In some instances it may be impossible to determine exactly what has happened. This may lead to a very difficult decision. The key for employers, who are not held to a standard of perfection but rather one of good faith, will be to demonstrate that (1) a fair and thorough investigation was conducted and (2) the employer’s decision was made for a bona fide business reason and not for an improper (e.g. discriminatory or retaliatory) reason.
RED FLAGS: WHEN DISCIPLINE OR DISCHARGE IS RISKY OR DOWNRIGHT INADVISABLE
There will be times when terminating an employee for off-duty misconduct will get a company sued. For example:
* Terminating an employee for posting “offensive” material on Facebook about working conditions may result in a Section 7 Complaint under the National Labor Relations Act (see previous edition of the HR Law Insider).
* Terminating a minority or older employee for off-duty misconduct, when in the past non-minority or younger employees have not been terminated for such misconduct.
*In Arizona, terminating an employee for smoking pot away from the workplace when the employee has a medical marijuana card and is not impaired at work.
When making any employment decisions, business owners should always ensure their decisions cannot be challenged as treating employees differently based on following: race, color, religion, genetic information, national origin, sex (including same sex), pregnancy, childbirth or related medical conditions, age, disability or handicap, citizenship status and service member status.
In addition, federal law prohibits making employment decisions based on whether an employee has taken time off under the Family Medical Leave Act, made a safety complaint to OSHA, questioned overtime practices, or filed a charge of discrimination or harassment.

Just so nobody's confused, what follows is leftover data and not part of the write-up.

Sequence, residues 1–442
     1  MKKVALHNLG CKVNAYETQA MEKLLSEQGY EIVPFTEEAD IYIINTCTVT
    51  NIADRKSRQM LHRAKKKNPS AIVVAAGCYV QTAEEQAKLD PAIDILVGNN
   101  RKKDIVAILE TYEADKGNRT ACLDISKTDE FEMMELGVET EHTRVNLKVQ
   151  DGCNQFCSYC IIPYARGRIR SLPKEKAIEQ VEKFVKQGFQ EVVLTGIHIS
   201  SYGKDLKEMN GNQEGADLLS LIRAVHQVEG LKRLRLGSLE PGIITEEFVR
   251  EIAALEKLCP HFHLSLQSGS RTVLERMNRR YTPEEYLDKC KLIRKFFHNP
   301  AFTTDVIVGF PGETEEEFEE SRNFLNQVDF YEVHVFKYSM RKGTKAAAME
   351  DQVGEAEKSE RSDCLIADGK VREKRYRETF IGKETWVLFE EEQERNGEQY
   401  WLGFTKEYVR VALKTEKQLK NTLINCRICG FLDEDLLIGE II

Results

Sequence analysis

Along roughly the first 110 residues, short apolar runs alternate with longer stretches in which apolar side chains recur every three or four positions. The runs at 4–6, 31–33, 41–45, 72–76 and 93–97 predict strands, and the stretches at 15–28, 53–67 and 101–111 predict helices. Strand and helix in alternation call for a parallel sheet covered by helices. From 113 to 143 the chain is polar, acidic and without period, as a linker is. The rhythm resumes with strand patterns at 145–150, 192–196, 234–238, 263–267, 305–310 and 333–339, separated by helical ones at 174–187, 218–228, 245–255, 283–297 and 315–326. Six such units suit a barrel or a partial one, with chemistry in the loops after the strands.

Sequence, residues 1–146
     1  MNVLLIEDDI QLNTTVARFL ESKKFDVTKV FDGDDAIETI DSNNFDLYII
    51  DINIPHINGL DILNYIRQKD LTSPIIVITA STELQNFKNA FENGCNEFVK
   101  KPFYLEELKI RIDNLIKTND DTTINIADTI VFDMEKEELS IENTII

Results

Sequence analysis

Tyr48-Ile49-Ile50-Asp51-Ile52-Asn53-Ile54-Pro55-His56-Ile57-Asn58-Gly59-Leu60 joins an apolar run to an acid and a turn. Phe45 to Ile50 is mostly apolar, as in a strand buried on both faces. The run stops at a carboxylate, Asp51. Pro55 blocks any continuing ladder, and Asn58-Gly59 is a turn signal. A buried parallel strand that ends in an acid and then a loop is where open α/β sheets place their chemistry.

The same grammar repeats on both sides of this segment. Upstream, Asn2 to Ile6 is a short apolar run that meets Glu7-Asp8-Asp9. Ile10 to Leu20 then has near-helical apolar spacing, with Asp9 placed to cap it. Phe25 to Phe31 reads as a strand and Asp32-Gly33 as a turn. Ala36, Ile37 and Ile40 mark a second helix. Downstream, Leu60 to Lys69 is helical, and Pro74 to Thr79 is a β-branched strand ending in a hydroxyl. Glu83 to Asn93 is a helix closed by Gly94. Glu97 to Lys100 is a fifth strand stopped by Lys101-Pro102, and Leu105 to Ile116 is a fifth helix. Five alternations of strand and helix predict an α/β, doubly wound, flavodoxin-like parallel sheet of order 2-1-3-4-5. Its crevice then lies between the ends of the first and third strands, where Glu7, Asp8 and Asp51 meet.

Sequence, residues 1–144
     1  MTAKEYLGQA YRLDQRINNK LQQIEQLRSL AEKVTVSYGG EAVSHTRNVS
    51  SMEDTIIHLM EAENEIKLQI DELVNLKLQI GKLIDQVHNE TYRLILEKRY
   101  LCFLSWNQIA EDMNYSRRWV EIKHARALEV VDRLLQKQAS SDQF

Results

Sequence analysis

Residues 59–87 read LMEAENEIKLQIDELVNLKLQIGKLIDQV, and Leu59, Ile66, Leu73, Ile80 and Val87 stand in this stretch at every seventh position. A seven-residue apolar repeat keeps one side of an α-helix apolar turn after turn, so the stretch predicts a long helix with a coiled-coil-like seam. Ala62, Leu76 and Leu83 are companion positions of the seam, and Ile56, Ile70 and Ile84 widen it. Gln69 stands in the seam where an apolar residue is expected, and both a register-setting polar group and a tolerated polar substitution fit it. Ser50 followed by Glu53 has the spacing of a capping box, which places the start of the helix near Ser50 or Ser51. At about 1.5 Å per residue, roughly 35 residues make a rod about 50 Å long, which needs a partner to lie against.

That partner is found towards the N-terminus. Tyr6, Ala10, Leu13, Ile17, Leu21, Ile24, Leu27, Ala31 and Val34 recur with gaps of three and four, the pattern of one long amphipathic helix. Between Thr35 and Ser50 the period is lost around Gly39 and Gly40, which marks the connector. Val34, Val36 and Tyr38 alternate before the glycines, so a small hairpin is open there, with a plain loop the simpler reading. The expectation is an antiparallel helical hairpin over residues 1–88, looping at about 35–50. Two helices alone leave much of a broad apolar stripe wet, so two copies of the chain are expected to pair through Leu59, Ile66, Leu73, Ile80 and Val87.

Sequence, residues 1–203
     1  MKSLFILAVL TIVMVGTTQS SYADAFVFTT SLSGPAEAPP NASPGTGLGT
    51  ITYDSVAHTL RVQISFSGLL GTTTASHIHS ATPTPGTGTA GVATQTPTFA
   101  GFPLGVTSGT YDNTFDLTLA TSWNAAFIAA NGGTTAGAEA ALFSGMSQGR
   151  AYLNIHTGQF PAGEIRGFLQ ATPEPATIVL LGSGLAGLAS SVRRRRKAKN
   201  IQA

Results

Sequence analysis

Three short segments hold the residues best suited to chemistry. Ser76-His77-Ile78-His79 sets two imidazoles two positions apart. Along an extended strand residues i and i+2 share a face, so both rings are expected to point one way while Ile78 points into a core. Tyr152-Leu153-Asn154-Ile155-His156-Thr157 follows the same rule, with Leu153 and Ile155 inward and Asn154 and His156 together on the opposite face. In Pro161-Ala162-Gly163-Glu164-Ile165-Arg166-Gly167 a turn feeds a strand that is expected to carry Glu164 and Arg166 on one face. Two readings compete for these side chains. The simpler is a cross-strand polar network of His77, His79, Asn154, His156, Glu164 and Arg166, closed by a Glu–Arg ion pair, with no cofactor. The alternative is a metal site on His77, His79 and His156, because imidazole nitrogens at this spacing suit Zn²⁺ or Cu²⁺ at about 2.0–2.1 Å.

THE FLIP SIDE: EMPLOYER LIABILITY FOR FAILING TO TAKE ACTION WHEN LEARNING OF OFF-DUTY MISCONDUCT
Failing to discipline, discharge, or otherwise deal with an employee who has engaged in off-duty misconduct may lead to a claim for negligent hiring, supervision, or retention against the employer. For example:
* An employer who learns that its employee has a DUI risks liability when it allows the employee to continue to drive a company vehicle.
* An employer who learns that its employee has been arrested or convicted of a violent crime or sex crime exposes itself to significant liability when it allows the employee to continue to interact with members of the public on behalf of the company.
Employers confronted with off-duty misconduct must carefully balance the risk of discharging the employee against the risk of not acting. The risk of associated with discharging an employee can be minimized, if not eliminated, by a methodical investigation and decision making process. If an employer decides to retain an employee who it knows has engaged in off-duty misconduct, it should do so consciously — knowing that it may have created a precedent going forward — and in a way that mitigates potential liability.
Off-duty misconduct situations can be among the most difficult for employers. As such, employers should consult legal counsel when the inevitable “it’s all a big mistake” call comes in on that random Monday morning.